Marine Life of Phuket – Octopus

Octopuses are the master of disguise on a reef. Many times someone may be pointing at apparently nothing and then as with a 3D photo and octopus appears!!!! This remarkable creature is compelling watching as it changes colour and texture. Camouflage is possible due to specialized skin cells that can change colour, opacity and reflectiveness of the epidermis. It is believed that the colour changing is a means of communicating with others and also to warn of danger. The muscles in the skin enables the octopus to alter the texture of it’s mantle so as to blend in with it’s surroundings, for example, the bumpy texture of a rock. There is also evidence to suggest that octopus living on a complex habitat such as a reef and are more active during the day have a more developed skin than the sand dwelling and nocturnal partners.

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There are 300 recognised species of octopus worldwide. All are known to be venonmous, but only the blue ringed octopus is deadly to humans. Octopuses have 4 pairs of arms and 2 eyes and are bilaterally symmetric. There is no internal or external skeleton, which enables the creature to squeeze through small spaces if fleeing from predators. They are regarded as the most flexible and intelligent of all invertebrates having both having long and short term memory.  There is only one hard part of the body, this being the beak, or mouth that is found at the centre point of the arms.

Octopuses have very good eye sight and some species are able to distinguish colour. They are also able to distinguish the orientation of their body to the horizontal using two organs that are attached to the brain called statocysts. There is also an automatic reponse that keeps the eyes orientated, so that the pupil slit is always horizontal.

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The sense of touch is excellent and the suction cups found on the arms have numerous chemoreceptors that enable the octopus to taste what it touches. The arms also show a variety of complex reflex actions. This is due to 2/3 of the neurons of the complex nervous system being located there. The arms also have tension receptors, so the octopus can determine if the arms are stretched out, but the receptors are not sufficient for the brain to determine the actual position of them.

This creature also has three hearts, two are branchial hearts that pump blood to each of the two gills and the third pumps blood through the body.  The blood contains a copper rich protein called hemocyanin, which is effective for transporting oxygen in cold conditions and environments where there is low oxygen pressure. The protein is dissolved in the plasma and gives the blood a bluish colour.

The life expectancy of the octopus is short from 6 months to 5 years. The death of the octopus is genetically programmed and results after reproduction. The male of the species may live for a few months after mating, but the female will die shortly after the eggs are hatched.  During reproduction the male will insert a specialised arm called a hectcotylus into the female’s mantle where it deposits spematophore (packets of sperm). Some species can keep the sperm alive inside the female for a few weeks until the eggs are mature. Once fertilization occurs the female will lay her eggs, which she hangs in strings from her lair or individually on the substrate. This varies depending on the species.  A female may lay upto 200,000 eggs. The incubation period is approximately a month. During this time she is the protector and will gently blows a current of water across the eggs providing them with enough oxygen. However, it is to her detriment as she will not hunt. It has been known for the female to ingest one or more of her arms for sustenance.  Once the eggs are hatched she will leave being very weak and defenseless thus dying.  The larval octopus will drift for a while in clouds of plankton where they feed. . Plankton eaters such as mantas and whale sharks are obviously a threat to the larvae. When they are ready they will descend to the ocean floor.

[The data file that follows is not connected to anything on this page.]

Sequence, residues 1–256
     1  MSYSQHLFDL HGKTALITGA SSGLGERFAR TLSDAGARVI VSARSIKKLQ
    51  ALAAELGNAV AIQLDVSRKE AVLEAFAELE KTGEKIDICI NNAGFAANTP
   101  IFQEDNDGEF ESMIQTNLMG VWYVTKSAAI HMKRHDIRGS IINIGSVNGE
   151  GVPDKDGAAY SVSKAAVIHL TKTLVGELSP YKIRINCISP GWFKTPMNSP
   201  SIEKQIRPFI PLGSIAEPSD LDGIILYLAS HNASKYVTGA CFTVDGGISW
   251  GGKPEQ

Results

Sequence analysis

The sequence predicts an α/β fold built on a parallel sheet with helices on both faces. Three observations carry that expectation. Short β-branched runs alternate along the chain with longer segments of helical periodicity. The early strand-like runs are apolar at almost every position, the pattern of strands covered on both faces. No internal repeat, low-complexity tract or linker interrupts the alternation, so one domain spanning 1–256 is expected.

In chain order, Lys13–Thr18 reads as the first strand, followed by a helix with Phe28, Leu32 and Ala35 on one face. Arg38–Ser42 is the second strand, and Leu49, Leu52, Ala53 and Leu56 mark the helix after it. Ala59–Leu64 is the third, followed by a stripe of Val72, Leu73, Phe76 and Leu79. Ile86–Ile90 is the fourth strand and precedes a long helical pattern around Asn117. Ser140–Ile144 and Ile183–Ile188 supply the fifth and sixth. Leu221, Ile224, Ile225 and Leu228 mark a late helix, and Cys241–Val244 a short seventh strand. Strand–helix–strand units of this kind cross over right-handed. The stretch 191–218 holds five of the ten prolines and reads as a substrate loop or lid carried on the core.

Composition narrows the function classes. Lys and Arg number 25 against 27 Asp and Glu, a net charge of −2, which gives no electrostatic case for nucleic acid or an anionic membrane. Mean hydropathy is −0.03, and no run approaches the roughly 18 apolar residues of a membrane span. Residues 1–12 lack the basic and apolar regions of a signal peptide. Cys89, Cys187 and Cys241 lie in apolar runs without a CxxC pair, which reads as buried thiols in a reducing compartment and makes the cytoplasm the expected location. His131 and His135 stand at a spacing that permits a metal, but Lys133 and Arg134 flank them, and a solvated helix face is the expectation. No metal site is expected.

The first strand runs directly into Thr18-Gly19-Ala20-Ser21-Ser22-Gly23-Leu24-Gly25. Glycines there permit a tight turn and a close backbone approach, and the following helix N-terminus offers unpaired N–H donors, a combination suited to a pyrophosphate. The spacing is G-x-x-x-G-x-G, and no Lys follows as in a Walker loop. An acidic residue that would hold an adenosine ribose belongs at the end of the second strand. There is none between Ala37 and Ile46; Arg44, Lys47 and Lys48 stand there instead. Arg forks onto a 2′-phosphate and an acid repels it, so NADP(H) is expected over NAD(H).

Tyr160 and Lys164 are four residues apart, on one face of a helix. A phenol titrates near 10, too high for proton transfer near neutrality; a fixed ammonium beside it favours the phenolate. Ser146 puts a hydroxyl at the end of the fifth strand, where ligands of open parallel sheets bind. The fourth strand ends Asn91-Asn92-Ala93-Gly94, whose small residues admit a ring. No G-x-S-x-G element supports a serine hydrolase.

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Octopuses move by crawling on their arms or by swimming. They swim in a horizontal position with the arms behind. Movement is by expelling a jet of water from a contractile mantle. This is one of the primary defense mechanisms as they are capable of fleeing at great speed. Another form of defense is the use of thick blackish ink, melanin, which is dispersed in a cloud. It is believed that the ink reduces the olfactory organs of some hunters that hunt by smell, for example, sharks. It is also known that an octopus is capable of detaching an arm as a distraction when under attack.  The mimic octopus is highly flexible and is able to change shape to look like other creatures. It has the capability of changing to look like a more dangerous creature than the one that is attacking.

These remarkable sea creatures are worthy of watching while on a dive. If you are lucky enough to see one then do not get too close as the octopus will hide in crevices and cracks in the substrate. It is better to observe from a distance away and slightly elevated. Be patient and wait motionless. The octopus will eventually gain confidence and gradually come out into the open for you to enjoy the moment!!!!

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If you would like to know more about the identification of species why not sign up for on a  Underwater Naturalist Specialty Course, which will enhance your knowledge and highlight the key things to look for, or a cruise on board MV Scuba Adventure or MV Scuba Fun for a chance to see these for yourself.

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